Lessons from The Hanged Man card:
There are times to act or take control, and there are times when it’s in our best interest to do the opposite. The Hanged Man shows up to advise us that it’s time to hang back, wait and surrender. He also asks us to pause and take a good look at the situation from another point of view. How do things look now that they’ve been turned around? Are we still giving the intended impression? Are our actions having an impact on others? Is that impact negative or positive? Are we achieving the results we hoped for, or are we beginning to see any unanticipated consequences? The period of stagnation offered be the Hanged Man is best put to use by reassessing our beliefs and our next actions moving forward in order to achieve something of much greater value.
Lesson from Batman: The Dark Knight:
“WHY SO SERIOUS?” –The Joker, The Dark Knight
The catchphrase is so popular largely due to The Dark Knight’s production company’s advertising campaign leading up to movie premiere in 2008. The elaborate interactive promotion had 11 million fans turn hundreds of cities across 75 countries into real life Gotham Cities by chasing clues, campaigning for Harvey Dent, becoming copycat vigilantes and marching in the streets as the Joker’s henchmen. It was a new level of marketing that had never been witnessed before. When we finally heard the Joker say his infamous line in the movie, he momentarily flips our perspective of him from villain to victim, relaying the story of how he got his scars by describing his abusive father who cut a smile on his face for worrying about the safety of his mother. Why so serious?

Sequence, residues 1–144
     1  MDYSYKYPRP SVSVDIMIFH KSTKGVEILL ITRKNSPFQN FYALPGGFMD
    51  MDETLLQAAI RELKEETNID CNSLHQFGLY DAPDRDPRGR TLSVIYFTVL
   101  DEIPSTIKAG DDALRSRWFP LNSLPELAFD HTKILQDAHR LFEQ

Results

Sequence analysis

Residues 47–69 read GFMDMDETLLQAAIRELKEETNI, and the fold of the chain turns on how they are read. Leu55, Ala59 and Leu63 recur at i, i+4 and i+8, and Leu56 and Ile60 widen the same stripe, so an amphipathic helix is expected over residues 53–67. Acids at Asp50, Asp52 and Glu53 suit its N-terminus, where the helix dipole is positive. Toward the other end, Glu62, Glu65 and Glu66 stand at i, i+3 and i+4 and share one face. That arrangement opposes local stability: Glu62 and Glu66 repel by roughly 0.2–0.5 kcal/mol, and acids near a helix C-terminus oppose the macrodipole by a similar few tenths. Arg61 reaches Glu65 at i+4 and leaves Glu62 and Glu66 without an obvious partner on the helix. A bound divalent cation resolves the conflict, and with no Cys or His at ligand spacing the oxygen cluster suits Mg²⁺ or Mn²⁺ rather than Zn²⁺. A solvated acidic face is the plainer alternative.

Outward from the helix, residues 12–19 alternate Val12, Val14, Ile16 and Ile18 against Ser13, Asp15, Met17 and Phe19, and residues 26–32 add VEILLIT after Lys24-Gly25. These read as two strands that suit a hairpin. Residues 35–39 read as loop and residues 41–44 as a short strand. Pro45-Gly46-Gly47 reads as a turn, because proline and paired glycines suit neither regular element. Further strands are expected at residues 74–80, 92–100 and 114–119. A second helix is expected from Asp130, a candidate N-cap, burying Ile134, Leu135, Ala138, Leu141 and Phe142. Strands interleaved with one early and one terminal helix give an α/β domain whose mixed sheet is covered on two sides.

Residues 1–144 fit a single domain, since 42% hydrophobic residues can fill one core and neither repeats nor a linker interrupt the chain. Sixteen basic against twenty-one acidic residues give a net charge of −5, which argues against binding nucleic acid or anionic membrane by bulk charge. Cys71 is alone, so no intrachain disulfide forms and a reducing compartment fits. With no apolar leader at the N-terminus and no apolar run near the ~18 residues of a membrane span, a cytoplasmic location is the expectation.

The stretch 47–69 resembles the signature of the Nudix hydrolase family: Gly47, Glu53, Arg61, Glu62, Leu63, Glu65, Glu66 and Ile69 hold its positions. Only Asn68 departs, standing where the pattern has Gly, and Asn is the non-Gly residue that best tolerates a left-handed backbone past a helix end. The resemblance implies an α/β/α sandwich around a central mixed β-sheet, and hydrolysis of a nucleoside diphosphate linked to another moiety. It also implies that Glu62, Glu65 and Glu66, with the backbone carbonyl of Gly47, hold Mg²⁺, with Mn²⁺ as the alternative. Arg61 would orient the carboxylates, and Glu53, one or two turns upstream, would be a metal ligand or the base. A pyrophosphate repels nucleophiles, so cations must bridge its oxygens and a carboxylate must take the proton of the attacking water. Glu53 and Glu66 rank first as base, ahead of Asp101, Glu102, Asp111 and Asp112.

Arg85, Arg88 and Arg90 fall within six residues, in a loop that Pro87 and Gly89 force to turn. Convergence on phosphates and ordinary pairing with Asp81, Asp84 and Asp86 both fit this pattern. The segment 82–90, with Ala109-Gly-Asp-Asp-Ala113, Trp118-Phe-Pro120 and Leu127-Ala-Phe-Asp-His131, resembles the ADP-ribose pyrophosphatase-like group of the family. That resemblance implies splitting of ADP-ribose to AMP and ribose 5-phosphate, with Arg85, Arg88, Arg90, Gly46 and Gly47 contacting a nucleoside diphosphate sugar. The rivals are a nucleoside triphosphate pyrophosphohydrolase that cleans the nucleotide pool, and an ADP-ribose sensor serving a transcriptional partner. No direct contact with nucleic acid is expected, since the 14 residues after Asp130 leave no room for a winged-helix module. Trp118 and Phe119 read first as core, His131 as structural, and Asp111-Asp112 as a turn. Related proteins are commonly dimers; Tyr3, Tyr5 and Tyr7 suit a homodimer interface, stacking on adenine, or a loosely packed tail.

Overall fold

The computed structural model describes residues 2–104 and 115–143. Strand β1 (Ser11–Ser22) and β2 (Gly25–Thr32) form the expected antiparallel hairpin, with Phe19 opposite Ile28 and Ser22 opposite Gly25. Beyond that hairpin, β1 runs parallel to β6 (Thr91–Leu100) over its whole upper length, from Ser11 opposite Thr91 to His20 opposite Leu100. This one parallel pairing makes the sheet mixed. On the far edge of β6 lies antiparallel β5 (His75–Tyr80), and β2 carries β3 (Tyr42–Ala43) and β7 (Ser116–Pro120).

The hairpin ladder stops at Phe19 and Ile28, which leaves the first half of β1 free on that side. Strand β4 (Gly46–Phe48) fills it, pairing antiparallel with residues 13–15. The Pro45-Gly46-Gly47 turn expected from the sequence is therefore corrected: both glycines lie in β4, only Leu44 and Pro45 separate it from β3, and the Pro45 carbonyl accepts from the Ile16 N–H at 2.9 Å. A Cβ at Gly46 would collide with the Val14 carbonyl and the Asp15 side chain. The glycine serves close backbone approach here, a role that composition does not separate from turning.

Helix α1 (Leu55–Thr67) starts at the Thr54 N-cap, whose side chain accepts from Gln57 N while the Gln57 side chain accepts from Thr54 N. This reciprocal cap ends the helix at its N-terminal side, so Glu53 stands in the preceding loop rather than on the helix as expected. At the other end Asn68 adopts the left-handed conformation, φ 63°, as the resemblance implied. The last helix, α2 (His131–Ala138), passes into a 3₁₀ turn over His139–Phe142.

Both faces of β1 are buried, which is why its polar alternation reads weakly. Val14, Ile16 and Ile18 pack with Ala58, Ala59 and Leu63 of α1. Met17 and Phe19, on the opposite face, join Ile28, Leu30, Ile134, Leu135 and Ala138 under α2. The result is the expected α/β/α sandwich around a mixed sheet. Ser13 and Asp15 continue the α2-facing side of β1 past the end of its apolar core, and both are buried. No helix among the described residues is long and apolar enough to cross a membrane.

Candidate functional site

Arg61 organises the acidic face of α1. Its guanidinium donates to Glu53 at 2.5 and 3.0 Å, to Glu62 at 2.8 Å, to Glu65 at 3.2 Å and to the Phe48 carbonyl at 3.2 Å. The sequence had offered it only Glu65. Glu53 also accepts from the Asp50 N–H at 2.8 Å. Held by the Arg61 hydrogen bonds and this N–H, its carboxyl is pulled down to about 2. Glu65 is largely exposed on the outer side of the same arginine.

“Why so serious?” is used rhetorically in geek conversation to address a person who ought to look at themselves from the perspective of the others in the room. It calls attention to a presence that doesn’t fit an otherwise jovial atmosphere and places accountability on the recipient. In other words, it means, “lighten up; smile.” The phrase can certainly be abused by the cruel or the reckless, but it allows those perceived to be overly uptight or sensitive to consciously decide if they are willing to been identified as such for a good and just cause …or change their subsequent behaviour to more adequately reflect the persona with which they prefer to identify.
No matter the incarnation, the Joker is the archetypal trickster with a psychopathic twist. He makes it his personal duty to expose the cultural, political, and ethical hypocrisies society chooses to ignore by executing heinous criminal acts, forcing us to look at our choices and ethnocentrism from another perspective, much like the Hanged Man in the Tarot …less the psycho part. The Joker takes great pleasure in forcing others (especially Batman) to confront their demons and see themselves in a different light.